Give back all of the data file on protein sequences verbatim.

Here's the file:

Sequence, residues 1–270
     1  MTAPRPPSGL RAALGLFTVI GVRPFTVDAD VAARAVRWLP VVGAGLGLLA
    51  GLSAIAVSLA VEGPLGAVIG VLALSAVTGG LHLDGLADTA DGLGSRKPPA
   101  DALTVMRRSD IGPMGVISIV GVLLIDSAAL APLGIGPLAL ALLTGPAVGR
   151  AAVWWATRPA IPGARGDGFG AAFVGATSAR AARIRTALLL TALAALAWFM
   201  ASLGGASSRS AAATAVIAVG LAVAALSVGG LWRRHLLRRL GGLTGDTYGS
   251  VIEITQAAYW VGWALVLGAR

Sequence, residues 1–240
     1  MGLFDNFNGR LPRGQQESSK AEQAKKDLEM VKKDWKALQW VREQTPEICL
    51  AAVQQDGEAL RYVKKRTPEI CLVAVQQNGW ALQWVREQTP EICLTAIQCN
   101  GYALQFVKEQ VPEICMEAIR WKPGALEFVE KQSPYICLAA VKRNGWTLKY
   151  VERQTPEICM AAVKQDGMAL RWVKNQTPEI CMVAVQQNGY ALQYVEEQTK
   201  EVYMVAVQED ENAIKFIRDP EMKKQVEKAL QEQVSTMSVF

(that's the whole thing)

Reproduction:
Sequence, residues 1–270
     1  MTAPRPPSGL RAALGLFTVI GVRPFTVDAD VAARAVRWLP VVGAGLGLLA
    51  GLSAIAVSLA VEGPLGAVIG VLALSAVTGG LHLDGLADTA DGLGSRKPPA
   101  DALTVMRRSD IGPMGVISIV GVLLIDSAAL APLGIGPLAL ALLTGPAVGR
   151  AAVWWATRPA IPGARGDGFG AAFVGATSAR AARIRTALLL TALAALAWFM
   201  ASLGGASSRS AAATAVIAVG LAVAALSVGG LWRRHLLRRL GGLTGDTYGS
   251  VIEITQAAYW VGWALVLGAR

Sequence, residues 1–240
     1  MGLFDNFNGR LPRGQQESSK AEQAKKDLEM VKKDWKALQW VREQTPEICL
    51  AAVQQDGEAL RYVKKRTPEI CLVAVQQNGW ALQWVREQTP EICLTAIQCN
   101  GYALQFVKEQ VPEICMEAIR WKPGALEFVE KQSPYICLAA VKRNGWTLKY
   151  VERQTPEICM AAVKQDGMAL RWVKNQTPEI CMVAVQQNGY ALQYVEEQTK
   201  EVYMVAVQED ENAIKFIRDP EMKKQVEKAL QEQVSTMSVF